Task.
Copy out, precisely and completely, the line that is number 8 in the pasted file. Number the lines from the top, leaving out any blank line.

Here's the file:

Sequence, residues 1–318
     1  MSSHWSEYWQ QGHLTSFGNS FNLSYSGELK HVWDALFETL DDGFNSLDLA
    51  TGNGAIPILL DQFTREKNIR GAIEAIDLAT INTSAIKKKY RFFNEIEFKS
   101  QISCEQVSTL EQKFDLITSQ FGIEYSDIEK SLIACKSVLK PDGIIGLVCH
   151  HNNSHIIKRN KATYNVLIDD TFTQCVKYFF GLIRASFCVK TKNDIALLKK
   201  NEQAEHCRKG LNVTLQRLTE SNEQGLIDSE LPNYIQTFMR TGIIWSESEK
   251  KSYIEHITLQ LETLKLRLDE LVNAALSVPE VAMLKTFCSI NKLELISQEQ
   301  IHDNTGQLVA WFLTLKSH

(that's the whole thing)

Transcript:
   301  IHDNTGQLVA WFLTLKSH